Plaintiff also strenuously argues that Defendant's review of her application was defective because Defendant refused to consider treatment records submitted by Plaintiff's husband, Larry Shapiro. Plaintiff submits that Defendant's "thinly veiled accusations against Mr. Shapiro's character and refusal to consider his findings and review of Plaintiff's condition are preposterous." (Pl.'s Mem. of Law. 13 n.1.) To the contrary, it is curious that Plaintiff would expect Defendant to award LTD benefits relying substantially on Plaintiff's husband's representation about her medical condition. The Court makes no insinuation about Mr. Shapiro's professional competence or candor. Rather, the Court observes merely that Plaintiff's spouse stood and stands to gain financially from a benefits award from Defendant to Plaintiff, and therefore is subject to a structural bias that makes his medical representations of limited value. Cf. 81 Am. Jur. 2d Witnesses § 230 ("The traditional common-law rule . . . provides that neither party to a marriage can be a witness in favor of or against the other, in a suit to which the other is a party, or has a direct or immediate interest."). Moreover, Plaintiff was always free, and was invited, to augment the medical evidence in support of her LTD claim.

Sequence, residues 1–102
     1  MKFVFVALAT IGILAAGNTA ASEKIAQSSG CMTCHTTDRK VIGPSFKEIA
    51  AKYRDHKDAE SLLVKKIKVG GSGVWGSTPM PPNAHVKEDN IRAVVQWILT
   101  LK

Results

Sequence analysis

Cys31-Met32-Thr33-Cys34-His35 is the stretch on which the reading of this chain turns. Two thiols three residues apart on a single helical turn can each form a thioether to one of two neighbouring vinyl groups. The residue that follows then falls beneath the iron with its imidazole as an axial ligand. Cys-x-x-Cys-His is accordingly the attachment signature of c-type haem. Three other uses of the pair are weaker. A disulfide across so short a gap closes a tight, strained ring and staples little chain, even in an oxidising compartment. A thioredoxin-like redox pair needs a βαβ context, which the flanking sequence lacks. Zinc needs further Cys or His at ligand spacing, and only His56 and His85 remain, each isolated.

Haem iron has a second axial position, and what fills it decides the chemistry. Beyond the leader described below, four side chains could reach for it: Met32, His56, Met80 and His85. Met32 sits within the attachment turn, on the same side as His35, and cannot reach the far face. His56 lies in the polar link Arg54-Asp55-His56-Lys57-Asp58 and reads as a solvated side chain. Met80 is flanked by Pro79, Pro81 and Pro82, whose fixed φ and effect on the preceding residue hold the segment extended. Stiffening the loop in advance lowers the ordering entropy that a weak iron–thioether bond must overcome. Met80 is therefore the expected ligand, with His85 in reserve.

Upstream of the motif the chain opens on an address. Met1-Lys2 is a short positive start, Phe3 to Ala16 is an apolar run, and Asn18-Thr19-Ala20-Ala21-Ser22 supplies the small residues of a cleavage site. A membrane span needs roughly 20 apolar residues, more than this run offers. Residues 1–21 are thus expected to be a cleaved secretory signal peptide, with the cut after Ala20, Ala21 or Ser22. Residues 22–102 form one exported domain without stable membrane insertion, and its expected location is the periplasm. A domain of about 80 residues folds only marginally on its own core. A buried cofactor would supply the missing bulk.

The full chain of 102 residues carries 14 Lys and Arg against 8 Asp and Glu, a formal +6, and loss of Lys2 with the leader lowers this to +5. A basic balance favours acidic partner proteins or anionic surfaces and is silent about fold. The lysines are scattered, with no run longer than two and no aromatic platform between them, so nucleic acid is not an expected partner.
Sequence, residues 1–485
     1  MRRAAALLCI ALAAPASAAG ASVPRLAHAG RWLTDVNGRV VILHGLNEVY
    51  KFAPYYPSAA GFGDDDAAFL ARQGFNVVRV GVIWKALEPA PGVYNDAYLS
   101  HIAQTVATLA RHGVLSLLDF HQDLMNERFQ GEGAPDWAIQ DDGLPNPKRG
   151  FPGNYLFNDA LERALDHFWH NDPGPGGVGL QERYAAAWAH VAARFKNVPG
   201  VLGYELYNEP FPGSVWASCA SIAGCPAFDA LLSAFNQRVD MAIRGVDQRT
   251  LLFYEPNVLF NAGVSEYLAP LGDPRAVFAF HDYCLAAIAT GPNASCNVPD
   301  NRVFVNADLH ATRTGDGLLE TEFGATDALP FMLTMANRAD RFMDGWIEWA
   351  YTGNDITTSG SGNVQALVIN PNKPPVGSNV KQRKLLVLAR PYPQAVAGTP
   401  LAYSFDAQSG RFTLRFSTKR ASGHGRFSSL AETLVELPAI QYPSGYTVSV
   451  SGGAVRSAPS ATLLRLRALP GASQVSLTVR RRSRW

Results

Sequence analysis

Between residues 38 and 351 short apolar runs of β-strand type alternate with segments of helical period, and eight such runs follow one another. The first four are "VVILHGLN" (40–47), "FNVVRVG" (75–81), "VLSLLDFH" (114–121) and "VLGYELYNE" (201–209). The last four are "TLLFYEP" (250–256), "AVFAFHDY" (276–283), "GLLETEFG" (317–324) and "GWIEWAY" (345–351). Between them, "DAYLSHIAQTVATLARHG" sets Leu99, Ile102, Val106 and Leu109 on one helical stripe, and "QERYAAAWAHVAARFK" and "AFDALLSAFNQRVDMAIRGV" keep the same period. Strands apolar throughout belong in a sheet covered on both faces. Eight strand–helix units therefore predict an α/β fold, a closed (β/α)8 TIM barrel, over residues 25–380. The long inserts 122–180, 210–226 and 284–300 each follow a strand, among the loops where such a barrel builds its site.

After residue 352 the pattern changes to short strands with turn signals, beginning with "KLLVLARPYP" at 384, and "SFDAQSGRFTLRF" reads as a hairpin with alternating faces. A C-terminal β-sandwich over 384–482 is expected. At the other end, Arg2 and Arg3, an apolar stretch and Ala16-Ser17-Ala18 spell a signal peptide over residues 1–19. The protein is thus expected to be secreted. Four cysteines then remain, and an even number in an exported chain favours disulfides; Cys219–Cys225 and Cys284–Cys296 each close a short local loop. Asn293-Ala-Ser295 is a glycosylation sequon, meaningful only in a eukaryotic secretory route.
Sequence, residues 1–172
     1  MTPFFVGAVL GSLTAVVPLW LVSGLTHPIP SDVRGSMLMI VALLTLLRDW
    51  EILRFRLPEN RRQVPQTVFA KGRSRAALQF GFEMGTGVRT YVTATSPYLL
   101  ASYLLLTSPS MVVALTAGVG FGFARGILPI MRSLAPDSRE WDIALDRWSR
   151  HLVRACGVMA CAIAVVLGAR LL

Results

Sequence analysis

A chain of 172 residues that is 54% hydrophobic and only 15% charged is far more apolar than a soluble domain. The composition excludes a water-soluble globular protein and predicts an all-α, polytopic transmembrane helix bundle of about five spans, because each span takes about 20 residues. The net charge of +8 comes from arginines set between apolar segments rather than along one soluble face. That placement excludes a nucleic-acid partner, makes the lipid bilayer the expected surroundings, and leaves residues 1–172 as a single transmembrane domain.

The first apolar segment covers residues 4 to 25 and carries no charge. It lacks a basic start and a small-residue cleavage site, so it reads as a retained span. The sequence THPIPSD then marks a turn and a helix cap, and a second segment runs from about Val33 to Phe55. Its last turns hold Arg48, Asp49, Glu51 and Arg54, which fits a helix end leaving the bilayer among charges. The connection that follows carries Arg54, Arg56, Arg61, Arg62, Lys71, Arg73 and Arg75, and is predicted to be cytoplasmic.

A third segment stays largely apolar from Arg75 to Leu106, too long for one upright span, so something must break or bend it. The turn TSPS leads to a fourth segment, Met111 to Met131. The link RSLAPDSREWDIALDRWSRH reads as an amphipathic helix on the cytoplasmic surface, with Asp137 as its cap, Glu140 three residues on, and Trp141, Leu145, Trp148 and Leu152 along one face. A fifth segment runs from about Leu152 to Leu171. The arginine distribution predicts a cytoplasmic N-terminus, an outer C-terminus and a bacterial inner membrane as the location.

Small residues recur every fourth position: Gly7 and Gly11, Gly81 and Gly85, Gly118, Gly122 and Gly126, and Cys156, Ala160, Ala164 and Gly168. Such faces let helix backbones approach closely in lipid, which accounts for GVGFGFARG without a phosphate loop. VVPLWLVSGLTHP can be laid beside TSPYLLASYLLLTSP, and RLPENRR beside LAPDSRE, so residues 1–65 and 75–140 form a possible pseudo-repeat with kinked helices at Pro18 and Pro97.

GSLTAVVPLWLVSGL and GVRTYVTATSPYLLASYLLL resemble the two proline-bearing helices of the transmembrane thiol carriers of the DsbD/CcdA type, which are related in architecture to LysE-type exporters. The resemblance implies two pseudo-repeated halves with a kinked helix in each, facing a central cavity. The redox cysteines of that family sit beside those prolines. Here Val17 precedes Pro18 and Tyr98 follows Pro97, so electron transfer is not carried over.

Beyond this, Plaintiff's successful effort to persuade Judge McMahon that de novo review applies here makes any failure by Defendant to consider the physical therapy records irrelevant. The records of Larry Shapiro submitted by Plaintiff include a one-page "Initial Evaluation" dated December 20, 1996, as well as notes apparently reflecting evaluations from March 3, 1999, through March 11, 2000. (Dkt. No. 37 at 23-31.) Unfortunately, the handwritten notes appeared illegible to the Court (at least to a person not familiar with Mr. Shapiro's handwriting), and Plaintiff's briefing fails to give any indication of what in the notes she believes supports her claim. Almost certainly, the initial claim reviewers faced the same limitation, and did not pursue the issue of the notes further because of the structural bias and because the notes were of a physical therapist rather than a physician.*fn7

Accordingly, no reasonable finder of fact could agree with Plaintiff that she had shown her entitled to LTD benefits under the Plan based on her 2000 application.

The 2005 Appeal of the Denial of Benefits

Plaintiff did not act on the denial notice from Defendant for approximately five years, until she submitted an appeal letter on July 4, 2005. (Pl.'s 56.1 ¶ 13.) This initial appeal letter requested that Defendant "review [her] case and reverse [Defendant's] decision," but did not provide any additional medical evidence for Defendant to assess. (Knopf Decl., Ex. K.)